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Fruit trees lining the streets of Vancouver mapped thanks to open data

Fruit trees on the boulevards in the City of Vancouver.

Late Tuesday night, I noticed that the City of Vancouver had released Vancouver Street Trees into their Open Data Catalogue.

Wednesday afternoon, our awesome intern, Gideon, went to work to import the data into the Foodtree API, so we could get it mapped.  It needed some cleanup prior to uploading, including approximating street addresses from the City’s grid system and sorting the food producing trees from the Conifers and Arbutus. He grabbed the data set and merged it into a single file and then uploaded to Google’s Refine tool to sort out the fruit trees. After adding the common name to the City’s numerical name, we uploaded it to Foodtree. Using our Sourcemap integration, all of the fruit trees on the public boulevards of Vancouver are now mapped. You can search by name, so it is now easy to find the 13 fig trees in the City. If you want to embed the map somewhere, you can get the embed code here. And, if you are in Vancouver, simply opening Foodtree.com on your smartphone browser now shows you where the nearest public fruit trees are, in addition to farmers markets, grocers, food trucks and restaurants.

Hopefully we’ll soon be able to add the fruit trees in city parks. It is part of our ongoing effort to map all of the available food sources in the City of Vancouver.

24 Comments Post a comment
  1. gs #

    Not sure this list is complete, there are 2 fruit trees – fig I think – on Willow and 17th. If I put this update here are you able to add them?

    February 5, 2012
    • Thanks, gs. We are pretty certain that the list is INCOMPLETE. It is the City’s data set, and it only pertains to those trees that they define as along boulevards. The way to add them is through our free iPhone app, Foodtree. Simply snap a photo of each tree and tag them with name and location. If you don’t have an iPhone, email me anthony at foodtree.com and you can beta test our web upload. Thanks again!

      February 6, 2012
  2. Wow, super! I should have known you guys would jump on this! I am wondering if many of the trees listed as “cherry” or “plum” are actually only ornamental. Is there any way to confirm that what you’ve mapped is edible? I’m hoping to get a GIS guru I know to overlay your map with our known trees database. Maybe we’ll be able to pick more on each outing if we know of extra trees in the area.
    Cheers,
    Erin
    Vancouver Fruit Tree Project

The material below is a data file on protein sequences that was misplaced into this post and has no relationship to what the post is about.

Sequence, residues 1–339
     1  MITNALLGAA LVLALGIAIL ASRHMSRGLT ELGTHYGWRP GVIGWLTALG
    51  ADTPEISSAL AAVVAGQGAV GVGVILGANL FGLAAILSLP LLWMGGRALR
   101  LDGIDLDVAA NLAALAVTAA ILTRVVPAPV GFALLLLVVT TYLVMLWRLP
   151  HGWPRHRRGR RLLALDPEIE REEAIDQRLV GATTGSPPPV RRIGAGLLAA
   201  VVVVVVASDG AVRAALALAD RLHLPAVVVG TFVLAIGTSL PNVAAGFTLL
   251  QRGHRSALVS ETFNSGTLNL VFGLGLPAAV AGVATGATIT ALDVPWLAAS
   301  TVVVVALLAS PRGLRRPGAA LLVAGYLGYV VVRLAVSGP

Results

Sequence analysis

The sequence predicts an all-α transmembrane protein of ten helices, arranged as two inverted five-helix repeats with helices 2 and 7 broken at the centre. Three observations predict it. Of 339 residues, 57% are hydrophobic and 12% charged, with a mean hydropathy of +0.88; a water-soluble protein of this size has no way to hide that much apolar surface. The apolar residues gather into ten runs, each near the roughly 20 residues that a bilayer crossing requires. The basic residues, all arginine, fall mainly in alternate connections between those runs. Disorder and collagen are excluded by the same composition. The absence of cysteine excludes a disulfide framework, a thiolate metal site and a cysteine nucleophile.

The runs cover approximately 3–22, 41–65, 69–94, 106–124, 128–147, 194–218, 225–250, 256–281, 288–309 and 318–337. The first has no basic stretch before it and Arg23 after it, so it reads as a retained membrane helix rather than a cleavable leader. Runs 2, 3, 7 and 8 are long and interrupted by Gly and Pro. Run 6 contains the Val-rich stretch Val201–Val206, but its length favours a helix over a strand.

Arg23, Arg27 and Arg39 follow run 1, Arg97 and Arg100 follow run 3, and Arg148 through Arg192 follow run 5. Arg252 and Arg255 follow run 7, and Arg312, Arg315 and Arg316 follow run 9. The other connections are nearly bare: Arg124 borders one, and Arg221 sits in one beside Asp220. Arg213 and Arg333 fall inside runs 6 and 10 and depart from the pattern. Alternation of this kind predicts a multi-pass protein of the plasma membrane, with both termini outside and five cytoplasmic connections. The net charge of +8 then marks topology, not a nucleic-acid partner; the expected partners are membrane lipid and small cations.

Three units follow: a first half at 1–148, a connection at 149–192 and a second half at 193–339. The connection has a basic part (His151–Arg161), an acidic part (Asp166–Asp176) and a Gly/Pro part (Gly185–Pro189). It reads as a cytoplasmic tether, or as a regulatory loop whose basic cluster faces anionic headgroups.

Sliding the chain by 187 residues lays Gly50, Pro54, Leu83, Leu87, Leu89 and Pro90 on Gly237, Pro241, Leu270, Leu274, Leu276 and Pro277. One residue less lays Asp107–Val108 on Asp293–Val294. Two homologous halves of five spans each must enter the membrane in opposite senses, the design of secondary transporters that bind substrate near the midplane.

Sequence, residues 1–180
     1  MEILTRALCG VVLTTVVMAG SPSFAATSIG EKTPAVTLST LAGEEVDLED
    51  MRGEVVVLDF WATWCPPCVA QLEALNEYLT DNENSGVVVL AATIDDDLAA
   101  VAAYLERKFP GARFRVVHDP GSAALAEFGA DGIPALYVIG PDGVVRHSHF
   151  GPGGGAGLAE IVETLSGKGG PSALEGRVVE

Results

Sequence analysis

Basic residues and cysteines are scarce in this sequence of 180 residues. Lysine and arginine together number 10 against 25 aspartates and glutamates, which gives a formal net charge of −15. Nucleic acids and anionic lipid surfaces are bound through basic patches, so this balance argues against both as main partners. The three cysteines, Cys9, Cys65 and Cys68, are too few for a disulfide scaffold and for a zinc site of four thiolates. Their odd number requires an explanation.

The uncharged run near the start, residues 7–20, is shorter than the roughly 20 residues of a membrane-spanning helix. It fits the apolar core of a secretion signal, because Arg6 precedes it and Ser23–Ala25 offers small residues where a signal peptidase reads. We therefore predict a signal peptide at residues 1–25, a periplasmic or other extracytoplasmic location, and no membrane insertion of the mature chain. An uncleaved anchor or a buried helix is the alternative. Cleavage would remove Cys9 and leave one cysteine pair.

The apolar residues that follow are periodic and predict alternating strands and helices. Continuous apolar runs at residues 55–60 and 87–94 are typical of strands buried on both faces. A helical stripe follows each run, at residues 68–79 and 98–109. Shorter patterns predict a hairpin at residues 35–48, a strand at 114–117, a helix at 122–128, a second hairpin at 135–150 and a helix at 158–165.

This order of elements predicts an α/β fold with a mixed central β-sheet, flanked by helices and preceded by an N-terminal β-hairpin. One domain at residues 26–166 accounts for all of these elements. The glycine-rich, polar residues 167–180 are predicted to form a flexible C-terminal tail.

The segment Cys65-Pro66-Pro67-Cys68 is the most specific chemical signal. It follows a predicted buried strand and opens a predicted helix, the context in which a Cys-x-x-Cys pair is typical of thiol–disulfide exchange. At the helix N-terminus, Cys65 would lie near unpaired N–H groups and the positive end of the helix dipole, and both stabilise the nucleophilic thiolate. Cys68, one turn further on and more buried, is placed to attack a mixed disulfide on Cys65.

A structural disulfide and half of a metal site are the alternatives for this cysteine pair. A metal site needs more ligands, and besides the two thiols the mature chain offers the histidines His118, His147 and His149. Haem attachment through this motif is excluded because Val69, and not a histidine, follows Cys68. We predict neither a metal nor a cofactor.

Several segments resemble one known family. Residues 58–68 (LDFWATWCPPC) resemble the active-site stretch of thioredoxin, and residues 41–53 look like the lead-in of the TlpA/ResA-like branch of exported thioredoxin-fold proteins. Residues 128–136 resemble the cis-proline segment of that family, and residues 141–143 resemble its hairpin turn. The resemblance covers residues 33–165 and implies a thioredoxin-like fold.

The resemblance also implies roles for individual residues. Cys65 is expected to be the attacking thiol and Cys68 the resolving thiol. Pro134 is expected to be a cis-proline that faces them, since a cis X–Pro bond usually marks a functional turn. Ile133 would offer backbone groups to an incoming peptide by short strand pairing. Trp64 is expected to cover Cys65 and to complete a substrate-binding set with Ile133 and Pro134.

February 25, 2012
  3. Hi Erin. We attempted to quickly remove ornamentals, but we aren’t certain at this point. We’re working on tweaking our mobile application so that people could submit a photo and confirm. It would be great to collaborate with you (and we’d be happy to work on the overlay too). Email me anthony at foodtree dot com.

    February 27, 2012
  4. Ben #

    Thanks for posting this. I started a map a few years ago, but haven’t had much time to develop it. See http://publicfruitvancouver.blogspot.com/. I was able to get a paper copy of the tree list from the city at the time but found that many of the listed trees are ornamental varieties. Most of the trees listed on the linked map are fruit producing and have been checked/tasted by myself or a volunteer. Would be interesting to see how many of these match…

    March 3, 2012
  5. Ben, great stuff! It’s nice that the data is increasingly being shared in formats other than print, right?

    Now that we have a strong list the question becomes how to keep it updated. Our iPhone app let’s people actually share photos of these trees as they find them, maybe even including some comments on their condition. We’d like this kind of thing to be possible from any mobile phone, which would let the community self-monitor these trees.

    Would love thoughts in that direction.

    March 5, 2012
  6. Greenstorm #

    Oh no! You forgot to add the Castanea sativa! :)

    March 8, 2012
  7. Lee #

    Just wondering…are all fruit trees that line the streets of Vancouver, are they for everybody? Some lady said that the tree was in front of her house so it’s on HER property (even though there is a sidewalk separating her front lawn from the green area where the tree is) and therefore, the tree is off-limits to everyone.
    What do you think?

    July 2, 2013
  8. UrbanHuntress #

    Street trees belong to the City of Vancouver and are under the care of the Parks Board. They are fair game. If the tree is in the city’s database of street trees, it’s one of theirs. You’re pretty much guaranteed that the curbside (between the street and the sidewalk) is city property and is public. Negative people get very territorial. Best to avoid them even though that may mean seeing fruit rot. Full listing (not a map) of all street trees is here http://data.vancouver.ca/datacatalogue/streetTrees.htm

    July 17, 2013
  9. UrbanHuntress #

    Is this still available as an app?

    July 17, 2013
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